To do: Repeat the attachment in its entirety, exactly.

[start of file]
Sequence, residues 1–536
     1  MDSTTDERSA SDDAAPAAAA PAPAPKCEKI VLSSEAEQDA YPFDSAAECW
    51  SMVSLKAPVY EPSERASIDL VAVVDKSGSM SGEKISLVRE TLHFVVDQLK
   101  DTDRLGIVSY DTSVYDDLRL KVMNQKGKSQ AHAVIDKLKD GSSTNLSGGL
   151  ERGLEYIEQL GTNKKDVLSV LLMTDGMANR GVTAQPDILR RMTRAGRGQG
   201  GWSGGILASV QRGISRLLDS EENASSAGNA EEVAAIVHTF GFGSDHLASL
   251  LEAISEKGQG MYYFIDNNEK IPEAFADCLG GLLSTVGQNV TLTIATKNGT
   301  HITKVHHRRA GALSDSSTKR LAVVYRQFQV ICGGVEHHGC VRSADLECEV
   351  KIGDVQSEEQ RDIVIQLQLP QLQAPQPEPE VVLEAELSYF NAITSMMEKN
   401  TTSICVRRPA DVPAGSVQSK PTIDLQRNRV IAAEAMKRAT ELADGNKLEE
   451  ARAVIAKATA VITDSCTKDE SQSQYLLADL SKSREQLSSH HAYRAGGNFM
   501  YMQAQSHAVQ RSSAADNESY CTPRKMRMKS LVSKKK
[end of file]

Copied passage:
Sequence, residues 1–536
     1  MDSTTDERSA SDDAAPAAAA PAPAPKCEKI VLSSEAEQDA YPFDSAAECW
    51  SMVSLKAPVY EPSERASIDL VAVVDKSGSM SGEKISLVRE TLHFVVDQLK
   101  DTDRLGIVSY DTSVYDDLRL KVMNQKGKSQ AHAVIDKLKD GSSTNLSGGL
   151  ERGLEYIEQL GTNKKDVLSV LLMTDGMANR GVTAQPDILR RMTRAGRGQG
   201  GWSGGILASV QRGISRLLDS EENASSAGNA EEVAAIVHTF GFGSDHLASL
   251  LEAISEKGQG MYYFIDNNEK IPEAFADCLG GLLSTVGQNV TLTIATKNGT
   301  HITKVHHRRA GALSDSSTKR LAVVYRQFQV ICGGVEHHGC VRSADLECEV
   351  KIGDVQSEEQ RDIVIQLQLP QLQAPQPEPE VVLEAELSYF NAITSMMEKN
   401  TTSICVRRPA DVPAGSVQSK PTIDLQRNRV IAAEAMKRAT ELADGNKLEE
   451  ARAVIAKATA VITDSCTKDE SQSQYLLADL SKSREQLSSH HAYRAGGNFM
   501  YMQAQSHAVQ RSSAADNESY CTPRKMRMKS LVSKKK